my challenges

Monday, May 27, 2013

Some Girls, Some Hats and Hitler, by Trudi Kanter.

This book tells the true story of a jewish, Viennese milliner from just before the Anchluss through the end of the war, with flashbacks to earlier years and an epilogue that fills in the remainder of her life.  This book captivated me right from the beginning.  Unusually for nonfiction, there was nothing about this book that detracted from the story itself.  There were no long passages about the history of hat making, or the nazi rise to power.  There was just enough background given to allow the reader to follow the story, but not a detail extra to bog one down.  The author did an admirable job of building and keeping the tension at a boil throughout this book, making you feel as if you were right there with her, experiencing the terror of potentially being trapped within Hitler's nightmare with no escape and enemies all around.  I found myself sighing with relief, literally, as good events happened, and feeling almost sick to my stomach as potentially bad events happened.  In short, I was transported back to Europe in the period just before the first world war, and plonked down to share the characters' fates.  I found this to be most effective, so much so that it was hard for me to put this book down.  The fact that the story ends up showing the better side of humanity ultimately, and has a happy ending, just improved on an already enjoyable read.  4.5

I received an electronic review copy of this book from the publisher.  This did not affect my review in any way.
Yesterday's Sun, by Amanda Brooke.

In this unusual book with a touch of the supernatural, a young woman, through the intercession -- or interference -- of an ancient sundial, is given a glimpse of her own future, and finds herself forced to choose between her own life and the life of her long-desired child.

At first I found the whole sundial bit a little hokey and unbelievable.  The story itself, however, was so compelling, and the lives of the characters so interesting, that I found myself unable to stop reading despite being out of my comfort level, and soon it no longer seemed hokey, but perfectly believable.  I also loved the fact that there was very much a mystery within a mystery, as the main characters learned about the history of the sundial and also about each others' pasts.  Ultimately, I could never have guessed the ending, and I absolutely loved it.  I could not have imagined -- and had not imagined -- a more perfect and satisfying ending to this story.  This was a very well done tale, and one that was immensely enjoyable.  I highly recommend this book to readers of all genres.  You won't be disappointed if you give this book a try.  5.0.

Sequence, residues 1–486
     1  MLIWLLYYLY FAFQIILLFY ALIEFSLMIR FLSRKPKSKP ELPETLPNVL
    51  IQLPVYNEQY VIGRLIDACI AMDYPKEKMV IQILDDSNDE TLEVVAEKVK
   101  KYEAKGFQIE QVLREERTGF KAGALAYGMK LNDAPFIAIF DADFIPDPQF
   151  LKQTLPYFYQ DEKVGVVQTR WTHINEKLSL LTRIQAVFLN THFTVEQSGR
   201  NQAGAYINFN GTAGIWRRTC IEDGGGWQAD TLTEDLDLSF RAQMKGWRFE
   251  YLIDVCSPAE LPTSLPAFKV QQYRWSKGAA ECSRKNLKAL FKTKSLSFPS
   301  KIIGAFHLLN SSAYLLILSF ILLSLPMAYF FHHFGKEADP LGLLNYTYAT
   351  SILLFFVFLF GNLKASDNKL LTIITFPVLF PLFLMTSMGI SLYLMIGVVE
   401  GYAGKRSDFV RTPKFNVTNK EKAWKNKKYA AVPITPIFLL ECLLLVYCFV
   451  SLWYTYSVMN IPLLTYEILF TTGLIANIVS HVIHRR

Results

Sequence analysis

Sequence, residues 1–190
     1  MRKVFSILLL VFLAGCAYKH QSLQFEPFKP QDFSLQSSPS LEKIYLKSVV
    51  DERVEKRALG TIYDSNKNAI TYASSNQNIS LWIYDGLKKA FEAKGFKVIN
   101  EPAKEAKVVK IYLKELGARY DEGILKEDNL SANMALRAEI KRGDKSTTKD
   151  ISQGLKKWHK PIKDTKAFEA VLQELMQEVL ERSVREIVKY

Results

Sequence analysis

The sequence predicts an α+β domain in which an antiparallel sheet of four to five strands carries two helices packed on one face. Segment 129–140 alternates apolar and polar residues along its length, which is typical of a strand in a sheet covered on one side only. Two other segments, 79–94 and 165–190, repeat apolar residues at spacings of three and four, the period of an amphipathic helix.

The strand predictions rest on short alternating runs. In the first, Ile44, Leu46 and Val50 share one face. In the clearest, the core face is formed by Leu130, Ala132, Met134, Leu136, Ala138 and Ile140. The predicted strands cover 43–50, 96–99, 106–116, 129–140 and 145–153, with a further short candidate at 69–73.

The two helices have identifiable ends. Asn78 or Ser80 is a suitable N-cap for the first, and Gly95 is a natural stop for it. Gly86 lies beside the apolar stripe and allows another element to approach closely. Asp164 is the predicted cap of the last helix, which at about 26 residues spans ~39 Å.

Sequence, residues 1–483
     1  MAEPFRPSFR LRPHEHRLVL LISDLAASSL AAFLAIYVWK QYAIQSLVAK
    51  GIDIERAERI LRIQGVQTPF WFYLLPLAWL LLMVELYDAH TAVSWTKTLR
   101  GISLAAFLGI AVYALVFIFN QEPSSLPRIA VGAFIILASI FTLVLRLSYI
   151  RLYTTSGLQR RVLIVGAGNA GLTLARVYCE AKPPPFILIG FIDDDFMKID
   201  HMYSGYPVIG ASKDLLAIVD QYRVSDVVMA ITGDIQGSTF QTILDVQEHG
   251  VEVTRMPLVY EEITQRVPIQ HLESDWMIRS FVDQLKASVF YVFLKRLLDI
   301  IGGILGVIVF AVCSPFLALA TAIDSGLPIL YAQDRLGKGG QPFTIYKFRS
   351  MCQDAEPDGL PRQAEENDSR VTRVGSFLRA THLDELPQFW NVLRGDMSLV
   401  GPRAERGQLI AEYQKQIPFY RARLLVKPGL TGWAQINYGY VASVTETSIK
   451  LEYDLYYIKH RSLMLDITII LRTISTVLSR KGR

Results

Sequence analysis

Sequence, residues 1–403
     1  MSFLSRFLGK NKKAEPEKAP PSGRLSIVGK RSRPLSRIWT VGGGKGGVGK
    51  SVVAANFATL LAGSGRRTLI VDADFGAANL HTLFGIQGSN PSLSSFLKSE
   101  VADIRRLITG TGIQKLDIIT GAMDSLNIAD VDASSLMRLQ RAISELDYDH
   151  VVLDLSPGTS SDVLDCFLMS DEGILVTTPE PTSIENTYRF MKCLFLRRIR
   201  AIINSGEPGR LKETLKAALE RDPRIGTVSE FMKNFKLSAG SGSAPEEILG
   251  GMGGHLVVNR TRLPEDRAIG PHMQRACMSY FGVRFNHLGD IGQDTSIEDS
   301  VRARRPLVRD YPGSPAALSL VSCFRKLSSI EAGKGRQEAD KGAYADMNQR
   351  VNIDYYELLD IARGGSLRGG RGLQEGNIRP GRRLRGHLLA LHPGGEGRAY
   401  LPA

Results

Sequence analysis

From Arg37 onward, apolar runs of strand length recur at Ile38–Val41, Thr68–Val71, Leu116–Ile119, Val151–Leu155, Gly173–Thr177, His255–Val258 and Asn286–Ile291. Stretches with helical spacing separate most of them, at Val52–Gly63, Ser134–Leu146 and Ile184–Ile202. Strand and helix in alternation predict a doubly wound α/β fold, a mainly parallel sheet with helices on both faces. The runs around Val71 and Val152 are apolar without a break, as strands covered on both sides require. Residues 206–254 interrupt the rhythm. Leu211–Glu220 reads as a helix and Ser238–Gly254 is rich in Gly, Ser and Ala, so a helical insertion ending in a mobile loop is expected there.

I received an electronic review copy of this book from the publisher.  This did not affect my review in any way. 
Where the Light Falls, by Katherine Keenum.

This book follows the adventures of a young American artist in Paris in the late ninetheenth century.  It also tells the story of her older, science-minded,  American civil war-damaged love interest and eventual husband.  In a dual plot line, we first follow the young artist, then the veteran, then the young artist again, until the two meet, and then again we follow the one and then the other alternately until we reach the end of the book.

Overall, this was a really interesting book.  I found the dual plot line method a little confusing, particularly at first, as we were plunged from one plot line into the other without any introduction or warning, leaving you wondering what the heck the one group of people had to do with the other.  There did not appear to be any real rhyme or reason to why the switch occurred at the point it did, either.  But once I got used to the changes in storyline, I really began to enjoy this book.  Each of the characters were interesting, the plot had enough twists to keep you interested, and the period detail and detail about the artistic process itself were very well done without going overboard and losing the reader in inane facts.  The only thing I didn't like about this book is that it ended very abruptly, and with a major change from the ending indicated by the characters themselves, without any explanation why they decided to do things differently, or information as to what happened to them in later years.  It seemed that both could be successful in their chosen careers in France, while possibly only the male protagonist could be successful back in Ohio, yet we were never given any information why they decided to go back to Ohio or how their careers turned out.  I was very disappointed by that.  Otherwise, however, I did not want this book to end and enjoyed it thoroughly.  4.5.